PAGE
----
In his most radical assertion, Golan called for a dramatic transformation in the nature of Yom Hashoah, Holocaust Remembrance Day. At present it is a day to contemplate what Nazi Germany did to Jews. Analogies may be drawn, but only when they extend to the evils others have done to Jews, other ways in which Jews have been victimized. Now, three generations after the Holocaust, when Jews have achieved their own power in their own nation-state, Golan wants the day to become an opportunity for Israelis to think further, to consider what they themselves might do to others. He called for Yom Hashoah to become a national day of “soul-searching.”
“On Yom Hashoah,” Golan said, “we will talk about our ability to uproot from our midst the early signs of intolerance, of self-destruction on the path toward moral deterioration. In effect, Yom Hashoah is an opportunity for soul-searching. Yom Kippur is a day of individual soul-searching. It is fitting and even essential that Yom Hashoah be, in addition, a day of national soul-searching.”
Major General Yair Golan was born in 1962 in Rishon Letzion, son of a career soldier. Drafted in 1980, he volunteered for the paratroops and was rapidly promoted and tagged as a future leader. The outbreak of the Second Intifada in 2000 found him commanding the Nachal infantry brigade, deployed in the West Bank. He was one of a group of young colonels pushing for the general command to adopt a strategy of urban warfare, going after terrorists in their nests rather than waiting for them to strike.
In 2006, now a brigadier general commanding the Judea-Samaria Division, he was assigned the job of evacuated the illegal Amona settlement, and began by opening unauthorized negotiations with the settlers rather than simply moving in. That won him a reprimand from then-chief of staff Dan Halutz. Later that year he was reprimanded again by chief of staff Gabi Ashkenazi for initiating the “neighbor procedure,” a euphemism for using Palestinians as human shields during a showdown. He had already been tagged as a promising leader, but an expected promotion was delayed as punishment.
In 2008 he was promoted to major general but put in charge of the Home Front Command, up to then a dead-end job. He turned it into an acclaimed unit, and in 2011 he was made chief of the crucial Northern Command, succeeding Gadi Eisenkot, the current chief of staff.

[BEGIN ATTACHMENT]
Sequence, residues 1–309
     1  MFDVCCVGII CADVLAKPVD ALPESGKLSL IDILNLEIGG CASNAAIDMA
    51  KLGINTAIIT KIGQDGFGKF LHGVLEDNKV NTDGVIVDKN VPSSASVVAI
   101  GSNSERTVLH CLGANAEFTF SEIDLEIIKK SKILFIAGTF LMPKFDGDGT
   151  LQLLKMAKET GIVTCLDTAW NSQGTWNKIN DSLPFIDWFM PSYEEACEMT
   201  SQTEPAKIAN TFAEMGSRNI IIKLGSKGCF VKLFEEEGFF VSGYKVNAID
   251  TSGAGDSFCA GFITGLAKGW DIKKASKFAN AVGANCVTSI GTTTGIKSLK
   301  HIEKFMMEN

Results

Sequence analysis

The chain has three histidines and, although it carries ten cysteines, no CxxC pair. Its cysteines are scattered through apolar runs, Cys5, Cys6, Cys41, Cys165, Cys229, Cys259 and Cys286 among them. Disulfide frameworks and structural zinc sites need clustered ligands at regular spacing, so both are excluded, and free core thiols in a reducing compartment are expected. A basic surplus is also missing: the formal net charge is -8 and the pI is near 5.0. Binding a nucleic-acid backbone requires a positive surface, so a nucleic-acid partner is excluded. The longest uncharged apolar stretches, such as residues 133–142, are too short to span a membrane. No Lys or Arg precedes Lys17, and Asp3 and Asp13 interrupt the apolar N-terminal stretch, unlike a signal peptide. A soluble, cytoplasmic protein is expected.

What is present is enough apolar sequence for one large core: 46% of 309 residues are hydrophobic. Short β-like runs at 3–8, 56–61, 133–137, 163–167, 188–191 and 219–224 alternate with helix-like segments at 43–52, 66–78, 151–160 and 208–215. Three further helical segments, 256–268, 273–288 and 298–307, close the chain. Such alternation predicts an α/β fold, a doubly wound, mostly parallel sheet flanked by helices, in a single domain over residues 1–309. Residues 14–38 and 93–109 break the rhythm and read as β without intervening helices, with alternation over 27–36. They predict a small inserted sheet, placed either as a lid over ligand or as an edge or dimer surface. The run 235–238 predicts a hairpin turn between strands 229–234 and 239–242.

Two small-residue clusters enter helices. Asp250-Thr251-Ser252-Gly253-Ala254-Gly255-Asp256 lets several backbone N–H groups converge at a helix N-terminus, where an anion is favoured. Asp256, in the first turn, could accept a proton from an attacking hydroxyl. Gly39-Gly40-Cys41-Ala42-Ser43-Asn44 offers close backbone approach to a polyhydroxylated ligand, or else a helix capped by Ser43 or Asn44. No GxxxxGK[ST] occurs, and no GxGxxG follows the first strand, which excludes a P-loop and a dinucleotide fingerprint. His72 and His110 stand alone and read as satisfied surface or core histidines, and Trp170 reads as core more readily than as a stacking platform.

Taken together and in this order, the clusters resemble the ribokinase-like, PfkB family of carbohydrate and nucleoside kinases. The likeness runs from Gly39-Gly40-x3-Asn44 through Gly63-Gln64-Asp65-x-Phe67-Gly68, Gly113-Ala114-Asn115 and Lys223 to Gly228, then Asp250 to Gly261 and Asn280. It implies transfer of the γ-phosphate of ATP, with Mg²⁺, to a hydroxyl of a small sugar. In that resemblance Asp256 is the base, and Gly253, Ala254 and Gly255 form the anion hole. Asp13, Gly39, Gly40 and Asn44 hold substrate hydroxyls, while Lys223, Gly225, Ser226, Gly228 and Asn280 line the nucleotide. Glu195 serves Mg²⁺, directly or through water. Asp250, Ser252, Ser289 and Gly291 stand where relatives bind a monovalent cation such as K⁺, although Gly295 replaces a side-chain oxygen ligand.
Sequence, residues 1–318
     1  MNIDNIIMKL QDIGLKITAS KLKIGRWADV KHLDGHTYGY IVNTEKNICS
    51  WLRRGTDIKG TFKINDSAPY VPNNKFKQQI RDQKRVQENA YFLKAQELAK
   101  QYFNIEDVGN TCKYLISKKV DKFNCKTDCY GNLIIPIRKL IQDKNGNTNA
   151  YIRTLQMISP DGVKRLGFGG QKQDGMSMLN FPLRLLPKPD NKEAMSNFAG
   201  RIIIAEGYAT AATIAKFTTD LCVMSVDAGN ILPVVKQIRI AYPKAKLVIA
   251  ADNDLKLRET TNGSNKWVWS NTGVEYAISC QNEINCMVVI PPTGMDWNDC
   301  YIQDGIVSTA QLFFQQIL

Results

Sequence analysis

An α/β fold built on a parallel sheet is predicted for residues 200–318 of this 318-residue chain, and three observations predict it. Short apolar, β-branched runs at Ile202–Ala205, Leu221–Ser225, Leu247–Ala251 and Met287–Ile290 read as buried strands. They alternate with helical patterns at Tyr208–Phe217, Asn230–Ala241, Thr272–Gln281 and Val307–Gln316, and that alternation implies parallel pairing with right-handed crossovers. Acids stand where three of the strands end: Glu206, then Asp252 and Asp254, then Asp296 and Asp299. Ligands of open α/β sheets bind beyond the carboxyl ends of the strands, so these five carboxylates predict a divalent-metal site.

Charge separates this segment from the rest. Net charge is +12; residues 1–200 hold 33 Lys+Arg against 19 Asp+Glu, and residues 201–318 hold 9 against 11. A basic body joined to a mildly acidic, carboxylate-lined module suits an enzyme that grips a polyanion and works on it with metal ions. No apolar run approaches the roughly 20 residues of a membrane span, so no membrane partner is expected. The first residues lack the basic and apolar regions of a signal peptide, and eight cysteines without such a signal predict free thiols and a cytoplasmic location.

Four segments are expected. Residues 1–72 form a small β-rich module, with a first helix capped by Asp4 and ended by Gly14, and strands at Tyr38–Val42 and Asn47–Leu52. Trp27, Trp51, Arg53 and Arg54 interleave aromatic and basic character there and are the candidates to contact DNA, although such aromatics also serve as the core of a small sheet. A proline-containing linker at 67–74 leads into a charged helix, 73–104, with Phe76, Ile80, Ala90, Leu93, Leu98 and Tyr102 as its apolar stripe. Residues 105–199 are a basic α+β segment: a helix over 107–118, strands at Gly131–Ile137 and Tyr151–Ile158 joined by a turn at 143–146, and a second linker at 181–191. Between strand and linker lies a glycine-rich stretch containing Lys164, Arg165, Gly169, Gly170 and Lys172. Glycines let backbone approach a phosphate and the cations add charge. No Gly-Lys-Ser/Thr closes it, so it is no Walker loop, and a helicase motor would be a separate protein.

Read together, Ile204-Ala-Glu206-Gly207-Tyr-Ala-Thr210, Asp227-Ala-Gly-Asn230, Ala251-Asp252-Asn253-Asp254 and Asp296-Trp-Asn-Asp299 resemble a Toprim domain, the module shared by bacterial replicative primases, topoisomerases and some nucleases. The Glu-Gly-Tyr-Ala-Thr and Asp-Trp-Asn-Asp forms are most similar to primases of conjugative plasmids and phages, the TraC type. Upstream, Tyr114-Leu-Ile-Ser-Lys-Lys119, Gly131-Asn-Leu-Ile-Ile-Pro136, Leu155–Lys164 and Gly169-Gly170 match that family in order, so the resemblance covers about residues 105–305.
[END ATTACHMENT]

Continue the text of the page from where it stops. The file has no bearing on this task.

Among his acts as chief of the Northern Command, Golan instituted the practice of treating Syrians wounded in the civil war there in Israeli hospitals. He also gave an interview to Maariv military correspondent (and now Yesh Atid Knesset member) Ofer Shelah. Notable for his insistence that the massive missile stockpile Hezbollah had accumulated along Israel’s northern border was a “serious threat,” but “not an existential threat.” London, he recalled, survived bombardment during World War II that was far more severe than anything Israel had experienced or might expect.
Thus his latest warning against “scare-mongering” is nothing new. It’s a theme that’s been sounded repeatedly by Israel’s top commanders. It goes back to December 2010, when then-Mossad chief Tamir Pardo told a gathering of Israeli diplomats that Iran did not constitute an existential threat. It continued the next May, when his predecessor Meir Dagan derided the Netanyahu government’s saber-rattling against Iran.
It continued this past January, when chief of staff Gadi Eisenkot told a think tank that President Obama’s Iran deal presented “opportunities” as well as threats, and again a month later when he told a group of high school students that he didn’t want Israeli soldiers “emptying their ammunition clips into a 13-year-old girl armed with scissors.”
Why are Israel’s generals being so noisy? Quite simple. In their near-unanimous professional estimation, stretching from a proven hawk like Yair Golan across the spectrum to the 200 ex-generals of Commanders for Israel’s Security, they see Israel facing an opportunity now, given the current Palestinian leadership, the weakness of the neighboring Arab states and the openness of the Saudi-led Arab League, to make deals that can secure Israel’s future. Instead they see a political leadership that’s letting the opportunities slip by for ideological reasons.
For several years now they’ve tried explaining why from a security viewpoint the possible deals could be advantageous to Israel. But’s it’s been falling on deaf ears. Now they’re going after the false ideology.
Was This Top Israeli General Right To Denounce Jewish Extremism on Holocaust Day?
J.J. Goldberg is editor emeritus of the Forward, where he served as editor in chief for seven years (2000-2007).